Japan-US alliance struggling: media
Talks between Japanese PM Yasuo Fukuda and US President George W Bush reflected major challenges the bilateral alliance faces over crucial issues.
Talks between Japanese Prime Minister Yasuo Fukuda and US President George W Bush reflected major challenges the bilateral alliance faces over issues including North Korea, local media said on Sunday.
The first summit talks between Fukuda and Bush "tried to stop the bilateral relationship from cooling," the Nikkei business daily said in its editorial.
Local media contrasted the summit with those by Bush and Junichiro Koizumi, the Japanese prime minister between 2001 and 2006, who presented himself as a staunch supporter of Bush's "war on terror" by sending Japanese troops to Iraq.
"The hands-shake in the summit talks was awkward. That must be because they felt 'the end of the honeymoon period'" which was enjoyed by Bush and Koizumi, said regional newspaper Tokyo Shimbun.
"The president and the prime minister did not mention the de-listing (of North Korea as a terror sponsor)... That indicates they could not narrow the gap over the issue," it said.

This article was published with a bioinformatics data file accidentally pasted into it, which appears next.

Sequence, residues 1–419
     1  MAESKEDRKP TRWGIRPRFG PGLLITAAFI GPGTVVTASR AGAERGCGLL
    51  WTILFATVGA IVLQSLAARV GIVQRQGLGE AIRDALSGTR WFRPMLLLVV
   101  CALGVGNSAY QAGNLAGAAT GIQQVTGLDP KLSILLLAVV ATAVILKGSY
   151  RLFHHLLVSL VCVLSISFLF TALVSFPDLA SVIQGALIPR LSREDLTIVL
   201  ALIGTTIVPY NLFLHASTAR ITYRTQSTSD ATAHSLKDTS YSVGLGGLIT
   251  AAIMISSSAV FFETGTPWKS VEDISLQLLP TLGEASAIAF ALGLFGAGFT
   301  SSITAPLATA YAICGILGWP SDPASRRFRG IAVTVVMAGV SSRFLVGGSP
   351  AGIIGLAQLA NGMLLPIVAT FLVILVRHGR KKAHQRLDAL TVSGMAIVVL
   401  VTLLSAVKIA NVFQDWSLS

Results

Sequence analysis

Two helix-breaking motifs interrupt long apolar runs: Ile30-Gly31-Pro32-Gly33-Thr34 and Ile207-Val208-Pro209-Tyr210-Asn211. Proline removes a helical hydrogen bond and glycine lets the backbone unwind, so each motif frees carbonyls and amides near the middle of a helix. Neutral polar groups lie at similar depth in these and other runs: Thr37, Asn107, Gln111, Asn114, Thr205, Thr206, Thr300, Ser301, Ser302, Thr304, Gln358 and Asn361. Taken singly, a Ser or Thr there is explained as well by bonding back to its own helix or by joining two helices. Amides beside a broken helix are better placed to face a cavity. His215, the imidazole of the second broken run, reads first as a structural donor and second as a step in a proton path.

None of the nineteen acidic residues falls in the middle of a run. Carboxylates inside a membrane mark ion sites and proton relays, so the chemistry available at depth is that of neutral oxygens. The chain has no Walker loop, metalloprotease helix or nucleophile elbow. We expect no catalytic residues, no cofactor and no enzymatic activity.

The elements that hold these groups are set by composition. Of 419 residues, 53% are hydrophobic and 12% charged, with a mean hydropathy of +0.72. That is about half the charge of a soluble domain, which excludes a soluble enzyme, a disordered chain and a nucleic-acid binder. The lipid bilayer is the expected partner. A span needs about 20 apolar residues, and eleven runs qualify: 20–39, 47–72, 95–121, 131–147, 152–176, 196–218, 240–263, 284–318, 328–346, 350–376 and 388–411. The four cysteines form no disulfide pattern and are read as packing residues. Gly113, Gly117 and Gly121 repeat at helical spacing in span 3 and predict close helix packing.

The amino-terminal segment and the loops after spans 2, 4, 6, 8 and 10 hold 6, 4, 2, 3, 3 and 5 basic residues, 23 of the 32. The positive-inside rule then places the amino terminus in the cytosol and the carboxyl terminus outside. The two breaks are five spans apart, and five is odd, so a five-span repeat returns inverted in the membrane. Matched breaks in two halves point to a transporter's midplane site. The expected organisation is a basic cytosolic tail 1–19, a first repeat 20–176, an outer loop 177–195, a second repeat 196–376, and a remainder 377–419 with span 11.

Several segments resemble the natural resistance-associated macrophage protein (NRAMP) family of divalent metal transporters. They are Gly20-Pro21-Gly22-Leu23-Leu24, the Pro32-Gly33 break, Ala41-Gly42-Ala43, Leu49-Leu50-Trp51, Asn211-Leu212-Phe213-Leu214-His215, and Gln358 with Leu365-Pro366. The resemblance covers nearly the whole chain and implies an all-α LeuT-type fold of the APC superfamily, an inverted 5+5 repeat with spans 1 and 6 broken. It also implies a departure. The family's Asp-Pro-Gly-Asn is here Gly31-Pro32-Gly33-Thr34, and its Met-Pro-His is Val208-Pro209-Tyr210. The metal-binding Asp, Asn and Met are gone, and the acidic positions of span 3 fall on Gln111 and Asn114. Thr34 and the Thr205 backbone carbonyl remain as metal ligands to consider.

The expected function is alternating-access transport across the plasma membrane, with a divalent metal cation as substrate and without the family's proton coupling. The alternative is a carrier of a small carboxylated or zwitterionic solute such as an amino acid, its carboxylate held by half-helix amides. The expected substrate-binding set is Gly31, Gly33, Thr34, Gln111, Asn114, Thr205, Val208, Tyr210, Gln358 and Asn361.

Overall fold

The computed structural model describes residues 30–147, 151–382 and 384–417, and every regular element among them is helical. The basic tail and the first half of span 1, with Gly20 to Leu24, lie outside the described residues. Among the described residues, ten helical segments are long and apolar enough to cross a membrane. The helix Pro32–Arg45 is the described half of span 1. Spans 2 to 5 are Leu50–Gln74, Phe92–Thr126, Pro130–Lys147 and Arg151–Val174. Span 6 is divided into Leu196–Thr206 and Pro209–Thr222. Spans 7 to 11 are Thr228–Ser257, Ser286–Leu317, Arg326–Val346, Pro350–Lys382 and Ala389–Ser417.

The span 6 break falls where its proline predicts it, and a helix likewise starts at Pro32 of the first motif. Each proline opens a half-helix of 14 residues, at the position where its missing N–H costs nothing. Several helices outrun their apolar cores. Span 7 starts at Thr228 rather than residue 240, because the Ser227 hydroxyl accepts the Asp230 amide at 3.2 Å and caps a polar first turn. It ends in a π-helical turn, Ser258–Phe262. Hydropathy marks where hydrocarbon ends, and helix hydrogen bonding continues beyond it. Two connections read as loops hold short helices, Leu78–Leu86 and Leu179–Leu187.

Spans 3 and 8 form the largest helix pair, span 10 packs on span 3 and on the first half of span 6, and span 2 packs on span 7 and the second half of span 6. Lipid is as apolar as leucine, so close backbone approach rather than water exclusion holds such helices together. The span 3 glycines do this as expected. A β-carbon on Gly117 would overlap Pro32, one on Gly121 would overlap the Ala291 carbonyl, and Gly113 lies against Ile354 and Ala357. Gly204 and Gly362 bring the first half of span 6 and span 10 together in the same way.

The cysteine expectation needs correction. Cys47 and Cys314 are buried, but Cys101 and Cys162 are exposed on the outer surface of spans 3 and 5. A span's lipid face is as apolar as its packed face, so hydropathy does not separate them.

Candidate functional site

Fukuda and Bush did not take any questions from reporters at a joint news conference after their talks because they feared revelation of differences between the allies, the Nikkei said.
Bush and Fukuda held their first formal face-to-face talks Friday in Washington, at a time when relations between the United States and its closest ally in Asia have run into a number of snags.
Washington did not hide its unhappiness earlier this month when the Japanese opposition forced a suspension of a naval mission to supply fuel to US-led forces in Afghanistan when its mandate expired.
Fukuda could not tell Bush exactly when Japan would resume the mission, as it depends on the debate in the parliament in which one of two houses is now controlled by the opposition.
For its part, Tokyo has urged Washington not to delist North Korea as a terrorism sponsor unless the problem of Japanese citizens abducted by North Korea in the 1970s and 1980s be resolved.
Bush promised to Fukuda that the United States "will not forget" the abduction issue but did not explicitly tie the issue to de-listing North Korea as a terrorism backer.
The Yomiuri Shimbun said Japan should keep calling on Washington "to make sure that North Korea come clean on its nuclear programmes."